I have also decided not to go to Woodford. This has been a bbit of a tennis match in my mind for the last two weeks or so. At first I didn’t think I could face it. and then I decided that it didn’t matter. Then I REALLY wanted to go. And now, I know that I simply cannot afford it. And I could use that time to make amazing amounts of money. Which will come in handy.

Apparently we are not allowed to fall in love with our fellow interns.

We will see how much of a problem that is in the future.

All I know about the demographic is: 4 from Brisbane. One from the Gold Coast, 2 from the US and the rest from interstate. 8 boys, 7 girls. The odds are in my favour. Also, most of the successful applicants are mid-career artists.

So… I guess you could say…

Electronic Lifestyle

September 23, 2007 § 1 Comment

My computer is back… and so am I – to the electronic lifestyle to which I have become accustomed.

I am going to the beach tomorrow with Lauren. Even though I am not allowed to say her name out-loud, I think it is ok for me to type.

Speaking of which – this keyboard is not suiting my lifestyle.

The Tresury last night, after ‘The Reunion’ (which was amazing). Jess’ bi front-man was very, very good. The band was tight, the dancing was free, and I made people fall in love with me with my mind. I am very good at that. But the oversized-RSL nature of the casino makes me wish to never go there again.

A certain boy has become dead to me. This makes me sad, as we very quite close once. But now, we leave separate lives. The disapproving look of disappointment in his eye was too much.

I am NOT getting up at 7 to go to the beach (and frankly, neither is L).

I will however be going into ‘work’*.


I wonder how the boy is doing. I miss him.


August 20, 2007 § 1 Comment

It’s been 20 days since my last post, and it is 20 days until I leave this country for that of my birth.

I am pretty bad at this game, but, as always, I will endeavour to do better.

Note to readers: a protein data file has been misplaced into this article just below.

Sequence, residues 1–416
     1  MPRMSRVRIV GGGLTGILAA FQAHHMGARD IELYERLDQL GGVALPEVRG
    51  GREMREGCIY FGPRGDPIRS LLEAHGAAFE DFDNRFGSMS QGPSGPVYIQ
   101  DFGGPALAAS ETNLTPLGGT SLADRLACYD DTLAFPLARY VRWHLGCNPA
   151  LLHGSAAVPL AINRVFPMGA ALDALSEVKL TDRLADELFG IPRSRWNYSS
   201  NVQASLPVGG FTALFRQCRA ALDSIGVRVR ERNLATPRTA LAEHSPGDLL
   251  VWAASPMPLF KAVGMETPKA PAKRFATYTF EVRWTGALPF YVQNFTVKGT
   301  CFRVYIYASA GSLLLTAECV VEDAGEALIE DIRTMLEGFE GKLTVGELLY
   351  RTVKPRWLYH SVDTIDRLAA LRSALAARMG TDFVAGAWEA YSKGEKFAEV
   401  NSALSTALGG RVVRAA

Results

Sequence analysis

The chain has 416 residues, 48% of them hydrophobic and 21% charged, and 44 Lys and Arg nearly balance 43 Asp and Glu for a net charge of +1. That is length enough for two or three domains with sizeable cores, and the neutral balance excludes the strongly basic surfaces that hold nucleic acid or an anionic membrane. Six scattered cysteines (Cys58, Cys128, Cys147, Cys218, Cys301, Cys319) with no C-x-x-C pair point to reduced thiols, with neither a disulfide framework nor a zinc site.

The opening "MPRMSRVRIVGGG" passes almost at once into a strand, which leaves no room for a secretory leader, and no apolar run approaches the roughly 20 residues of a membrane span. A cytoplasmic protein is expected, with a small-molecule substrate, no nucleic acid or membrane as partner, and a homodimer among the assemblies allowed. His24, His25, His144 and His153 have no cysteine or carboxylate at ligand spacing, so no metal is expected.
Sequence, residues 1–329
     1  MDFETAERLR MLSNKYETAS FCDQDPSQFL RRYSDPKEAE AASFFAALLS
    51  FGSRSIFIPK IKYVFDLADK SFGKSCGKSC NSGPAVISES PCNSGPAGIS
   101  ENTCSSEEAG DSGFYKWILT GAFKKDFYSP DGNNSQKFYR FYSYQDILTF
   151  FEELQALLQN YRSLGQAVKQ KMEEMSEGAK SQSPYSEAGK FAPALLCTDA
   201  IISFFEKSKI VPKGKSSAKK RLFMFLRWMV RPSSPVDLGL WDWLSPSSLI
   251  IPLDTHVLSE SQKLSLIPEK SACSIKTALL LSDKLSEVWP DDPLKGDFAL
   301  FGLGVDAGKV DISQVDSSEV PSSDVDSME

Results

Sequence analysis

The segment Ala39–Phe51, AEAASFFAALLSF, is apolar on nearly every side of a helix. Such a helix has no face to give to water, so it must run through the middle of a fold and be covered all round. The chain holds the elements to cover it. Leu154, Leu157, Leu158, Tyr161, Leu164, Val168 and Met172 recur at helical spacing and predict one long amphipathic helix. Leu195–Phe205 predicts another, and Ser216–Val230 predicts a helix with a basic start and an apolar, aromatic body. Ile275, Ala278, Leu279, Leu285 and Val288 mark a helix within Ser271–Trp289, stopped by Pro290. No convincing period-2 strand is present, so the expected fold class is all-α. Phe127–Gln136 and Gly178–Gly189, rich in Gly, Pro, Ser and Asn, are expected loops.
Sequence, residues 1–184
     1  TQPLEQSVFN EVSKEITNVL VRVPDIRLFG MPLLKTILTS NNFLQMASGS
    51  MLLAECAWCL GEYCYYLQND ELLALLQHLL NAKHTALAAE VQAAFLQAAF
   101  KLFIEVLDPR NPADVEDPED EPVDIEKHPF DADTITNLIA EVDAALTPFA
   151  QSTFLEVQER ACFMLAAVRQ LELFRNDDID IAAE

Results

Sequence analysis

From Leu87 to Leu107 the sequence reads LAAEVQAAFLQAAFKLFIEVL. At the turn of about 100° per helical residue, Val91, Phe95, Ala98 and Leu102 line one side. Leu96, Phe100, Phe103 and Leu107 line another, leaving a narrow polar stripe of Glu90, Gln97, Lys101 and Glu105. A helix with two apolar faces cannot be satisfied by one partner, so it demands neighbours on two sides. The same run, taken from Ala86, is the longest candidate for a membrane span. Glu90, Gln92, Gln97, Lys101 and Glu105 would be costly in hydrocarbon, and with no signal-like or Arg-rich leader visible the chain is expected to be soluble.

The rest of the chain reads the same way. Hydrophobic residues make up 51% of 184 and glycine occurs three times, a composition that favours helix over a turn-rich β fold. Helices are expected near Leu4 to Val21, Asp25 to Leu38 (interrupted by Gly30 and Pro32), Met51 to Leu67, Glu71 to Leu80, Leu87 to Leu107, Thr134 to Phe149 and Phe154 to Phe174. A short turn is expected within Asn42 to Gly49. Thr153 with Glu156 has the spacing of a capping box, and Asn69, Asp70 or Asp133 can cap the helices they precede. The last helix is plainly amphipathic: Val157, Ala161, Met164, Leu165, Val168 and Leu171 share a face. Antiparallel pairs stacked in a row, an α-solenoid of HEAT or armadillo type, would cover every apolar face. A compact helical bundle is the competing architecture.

On another topic, why does Firefox hate my Australian spelling lifestyle?

I have 6 more performances of The Little Dragon to undertake.

I also have 3 more weeks left of my sojourn in this country, but my Gym membership finished last week…. What shall I do?

I haven’t saved as much money as I had hoped this last year. A measley 30% of my earnings. But I have lots of things. And I went to Japan. I have put my remaining money somewhere safe.

In my dad’s bank account.

Also, the Sacred Cat, Ariel was unfortunately euthanised last Thursday. There is a replacement on order though.

I am emphatic that euthanised is a valid word, but Firefox, once again lets me down.



Battle Scar

July 14, 2007 § 1 Comment

I have unfortunately acquired the most ridiculous performance-related injury known to man.

Whilst completing the violently joyous mardi gras-inspired dance break in the finale of ‘The Little Dragon’, I happened to connect my left thumbnail with the underside of my left eyebrow (the bit NOT covered in hair).

The pain indicated that there was something wrong almost immediately, but it wasn’t until blood started to obscure my vision several steps later, that I relised that I had caused an injury to myself. I completed the latter half of the routine, including an exremely fast puppet acquision and the first curtaincall , huddled behind my dragonfly, blood slowly trickling down my face and mingling with the copious sweat to find its way to the corner of my mouth.

 I raced off stage to the dressing room, where I mopped up most of the blood, and had a plaster applied to my face, all the while trying to convince the Korean office staff that I had NOT fended off attack from a ninja hoard whilst defending the honour of our lead actress, but had merely misjudged the ferocity of my own thumbnail. When this became clear, the male stagehands dissolved into laughter, and I ran back on stage in shame, to perform the last workshop number and final curtaincall.  Which proved rather difficult as the plaster seriously limited the movement of my upper eyelid, and resulted in an awkward squinting motion being imposed on my naturally expressive face (probably for the better, lets be honest).

So committed was I to maiming myself, that I not only have an ugly looking gash on my eyelid, but a bruised graze running from it, through my eyebrow and onto my expansive forehead.

I guess it’s all part of growing up and being Australian.